The UK’s Financial Conduct Authority has banned the sale of certain types of crypto-based financial products for retail investors after a year-long review.
Britain’s financial authority said unregulated cryptoassets are “ill-suited” to retail consumers for multiple reasons. These include unexpected losses, no reliable basis for valuation, volatility in price movements, a lack of understanding, and the absence of legitimate reasons for investment.
The FCA will ban firms acting in the UK from selling, marketing, and distributing products that track the price of cryptoassets. These would cover futures, options, contracts-for-difference (CFDs), and exchange-traded notes on cryptocurrencies.
Retail investors are expected to save around £53 million ($68 million) from the ban, the FCA said. The measures, which will impact online trading platforms that trade Bitcoin, Ether, and Ripple, come into effect on January 6, 2021.
“This ban reflects how seriously we view the potential harm to retail consumers in these products. Consumer protection is paramount here,” Sheldon Mills, an interim executive director at the FCA, said in a statement.
The market for cryptocurrencies globally is worth around $337 billion, according to CoinMarketCap. This compares with a total market capitalization of around $200 billion just two years ago.
The FCA’s Mills said the regulator has evidence of retail investors losing massive volumes on trading crypto-derivatives and the ban would provide them an appropriate level of protection.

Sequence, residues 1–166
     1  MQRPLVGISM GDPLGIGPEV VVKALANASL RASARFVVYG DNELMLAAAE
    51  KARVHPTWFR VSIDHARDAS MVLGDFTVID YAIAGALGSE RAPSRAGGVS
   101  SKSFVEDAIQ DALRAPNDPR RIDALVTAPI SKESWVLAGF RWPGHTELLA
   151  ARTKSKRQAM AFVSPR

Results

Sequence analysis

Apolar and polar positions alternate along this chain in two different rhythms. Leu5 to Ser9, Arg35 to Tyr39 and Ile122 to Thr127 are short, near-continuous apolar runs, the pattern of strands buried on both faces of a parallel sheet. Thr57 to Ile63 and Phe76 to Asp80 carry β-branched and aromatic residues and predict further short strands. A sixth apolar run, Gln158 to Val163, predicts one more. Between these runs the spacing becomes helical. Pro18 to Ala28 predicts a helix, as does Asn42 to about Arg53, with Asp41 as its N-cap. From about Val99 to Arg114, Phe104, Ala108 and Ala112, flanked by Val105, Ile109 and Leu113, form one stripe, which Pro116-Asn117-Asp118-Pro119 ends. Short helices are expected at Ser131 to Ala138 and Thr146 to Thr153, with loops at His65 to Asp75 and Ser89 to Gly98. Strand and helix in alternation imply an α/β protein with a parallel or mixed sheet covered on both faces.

But the ban does not imply that the sale or use of Bitcoin itself would be hindered, according to Danny Scott, CEO and co-founder at CoinCorner.
“Recently the UK FCA introduced an option for Bitcoin and cryptocurrency companies to register with them as a first step towards forming a regulatory framework around such assets,” Scott said.
“They’re comfortable with these assets and seemingly have a pro stance, they’re just not comfortable with companies packaging them up in traditional trader focused products that the everyday person doesn’t understand, yet has easy access to via some services.”
The decision comes almost a year after the FCA first proposed such a ban, citing unreliable retail consumer assessments of “complex contracts built on top of complex assets.”
At the time, it was estimated that between £267 million (£345 million) and £451 million ($583 million) could be saved per year.
Shares in online trading platforms including IG Group, CMC Capital Markets, and Plus500 lost between 2-3% after the FCA’s ban was announced.
An IG group spokesperson told Business Insider that the company expects no material impact from the ban “as these products form a very small part of our diversified and global business and the impacted revenue following the FCA restrictions would be less than one percent of IG Group’s overall revenue for FY20.”